Elastic

I know somebody who used to adjunct at a community college while homeschooling her 5 kids. Now she’s adjuncting at 4 colleges while homeschooling her 5 kids.

What suddenly made her so much more effective and her day so much more elastic?

Hmm… I’ll let you guess.

5 thoughts on “Elastic”

  1. A parody (or not?):

    Rehabilitation for Vice Bloggers

    Transcript is here:

    “I see sexism… racism in comedy… and minority that needs my help.”
    “This is literally an apple.”

    After leaving Vice, a lot of bloggers have trouble reactivating in a normal society.

    “I see a victim.. It’s another victim…”
    “So it’s a trailer..” – “Not enough women!” – “Let’s just watch it first.”

    So it’s my job as a therapist to help them get in touch with the person they once were.

    “Kinda interesting, the whole place is all white!” “OK, you know what, let’s sit you back down, let’s get you back down.”
    “I keep having this recurrent nightmare where… they need my help and I can’t help them without my Vice job!”
    “Who needs your help, Daniel?”
    “The Latinxes”.
    “Without blogging I lost my sense of purpose”.
    “You don’t work there anymore!”
    “I’m on a deadline!!”

    “I see a white devil, an appropriator…” – “This is your mother. Try to look past gender and race.” – “I need a break!”

    https://avva.livejournal.com/3330466.html

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  2. This is where automation in teaching seems to be going. One person being able to potentially teach thousands of students. I just wonder if this can truly really scale to more specialized college level classes, as opposed to lower level community college/ high school classes.

    I’m in absolute agreement that the teachers who readily accept this are basically training and quickening their replacement.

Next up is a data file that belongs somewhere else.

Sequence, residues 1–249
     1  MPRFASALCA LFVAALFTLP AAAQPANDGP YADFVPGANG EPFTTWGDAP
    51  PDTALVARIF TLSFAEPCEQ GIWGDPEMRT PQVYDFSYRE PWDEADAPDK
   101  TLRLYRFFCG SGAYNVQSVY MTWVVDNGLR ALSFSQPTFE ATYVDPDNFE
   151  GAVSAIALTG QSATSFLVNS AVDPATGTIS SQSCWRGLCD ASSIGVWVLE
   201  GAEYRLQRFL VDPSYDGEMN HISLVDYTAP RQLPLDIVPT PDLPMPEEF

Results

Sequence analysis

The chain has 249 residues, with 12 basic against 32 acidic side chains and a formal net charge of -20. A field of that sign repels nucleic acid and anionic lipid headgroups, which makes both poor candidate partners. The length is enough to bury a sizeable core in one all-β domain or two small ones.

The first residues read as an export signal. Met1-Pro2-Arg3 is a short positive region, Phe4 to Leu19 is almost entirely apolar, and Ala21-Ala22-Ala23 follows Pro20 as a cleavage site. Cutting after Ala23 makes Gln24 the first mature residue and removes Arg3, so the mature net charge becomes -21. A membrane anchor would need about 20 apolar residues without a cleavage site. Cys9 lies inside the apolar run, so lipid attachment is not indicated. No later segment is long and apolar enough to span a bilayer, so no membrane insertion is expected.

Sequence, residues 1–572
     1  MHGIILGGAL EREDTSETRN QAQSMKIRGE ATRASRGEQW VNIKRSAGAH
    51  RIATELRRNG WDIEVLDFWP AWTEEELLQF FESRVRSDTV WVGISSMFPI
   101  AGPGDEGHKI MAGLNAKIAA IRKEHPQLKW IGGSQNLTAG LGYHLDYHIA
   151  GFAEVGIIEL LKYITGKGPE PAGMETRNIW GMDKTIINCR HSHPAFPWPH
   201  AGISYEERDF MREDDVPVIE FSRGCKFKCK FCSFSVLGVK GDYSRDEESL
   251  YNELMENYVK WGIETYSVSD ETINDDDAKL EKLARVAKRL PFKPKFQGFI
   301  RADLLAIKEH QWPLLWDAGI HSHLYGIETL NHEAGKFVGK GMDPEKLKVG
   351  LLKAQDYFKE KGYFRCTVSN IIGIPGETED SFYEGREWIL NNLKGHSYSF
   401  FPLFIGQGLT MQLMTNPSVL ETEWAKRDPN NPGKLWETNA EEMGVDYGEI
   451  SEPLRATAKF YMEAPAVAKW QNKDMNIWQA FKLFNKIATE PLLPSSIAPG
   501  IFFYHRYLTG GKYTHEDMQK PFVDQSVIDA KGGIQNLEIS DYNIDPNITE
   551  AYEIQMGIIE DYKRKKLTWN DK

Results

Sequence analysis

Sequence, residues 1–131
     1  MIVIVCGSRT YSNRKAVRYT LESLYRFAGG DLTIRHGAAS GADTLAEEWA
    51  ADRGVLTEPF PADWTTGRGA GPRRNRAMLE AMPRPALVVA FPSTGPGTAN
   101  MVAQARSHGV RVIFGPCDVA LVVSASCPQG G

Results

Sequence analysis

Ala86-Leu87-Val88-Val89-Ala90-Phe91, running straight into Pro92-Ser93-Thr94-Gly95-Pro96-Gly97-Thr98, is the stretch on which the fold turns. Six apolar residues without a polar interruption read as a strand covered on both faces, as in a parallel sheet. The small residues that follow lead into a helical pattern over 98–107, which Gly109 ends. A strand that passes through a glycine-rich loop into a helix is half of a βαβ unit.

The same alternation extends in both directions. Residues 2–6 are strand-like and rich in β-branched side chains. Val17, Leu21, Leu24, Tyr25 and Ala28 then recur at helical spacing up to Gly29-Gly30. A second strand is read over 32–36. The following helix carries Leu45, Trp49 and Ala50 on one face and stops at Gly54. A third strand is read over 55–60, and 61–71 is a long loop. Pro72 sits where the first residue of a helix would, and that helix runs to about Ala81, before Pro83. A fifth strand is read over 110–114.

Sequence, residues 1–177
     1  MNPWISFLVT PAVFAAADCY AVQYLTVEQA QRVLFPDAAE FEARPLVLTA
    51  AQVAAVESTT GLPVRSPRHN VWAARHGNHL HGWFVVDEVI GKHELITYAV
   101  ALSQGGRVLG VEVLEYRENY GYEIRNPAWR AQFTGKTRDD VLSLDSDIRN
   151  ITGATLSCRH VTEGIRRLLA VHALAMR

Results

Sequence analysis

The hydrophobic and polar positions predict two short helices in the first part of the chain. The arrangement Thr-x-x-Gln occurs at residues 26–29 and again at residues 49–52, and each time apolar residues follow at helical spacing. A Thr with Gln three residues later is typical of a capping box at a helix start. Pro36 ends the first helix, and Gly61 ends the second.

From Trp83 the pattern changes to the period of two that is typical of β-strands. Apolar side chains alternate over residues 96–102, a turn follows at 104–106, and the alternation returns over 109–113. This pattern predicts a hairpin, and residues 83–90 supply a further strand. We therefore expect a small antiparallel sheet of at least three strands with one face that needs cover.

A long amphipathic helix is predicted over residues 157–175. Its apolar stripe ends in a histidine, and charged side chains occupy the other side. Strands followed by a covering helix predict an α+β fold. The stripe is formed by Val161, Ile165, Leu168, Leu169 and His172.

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    1. It also doesn’t work. I presented at a conference a few years back about MOOCs, massive online courses. They had a success rate of something like 0,01%. That’s why after a huge initial enthusiasm these courses all died by 2012-13. Now they are resurging again but the result will be identical.

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      1. The problem with MOOCs is that people don’t finish them because they take them for fun. You really have to have a lot of motivation to plow through to the end, even if the course is good. I signed up for a few of them at EdX. Most of them were not that great, so I gave up right away. There were two I really enjoyed but still did not finish them because life got in the way. But if you have to finish in time for a grade, you will. I know I would.

        This is what most of higher education will come to. The unis will outsource the general classes. They probably will come with a scheme to still charge something for credits even if you take a MOOK, while they will save a lot of money by unloading adjuncts and instructors and probably hire fewer faculty. And you will have very specialized courses in person with tenured/tenure track professors.

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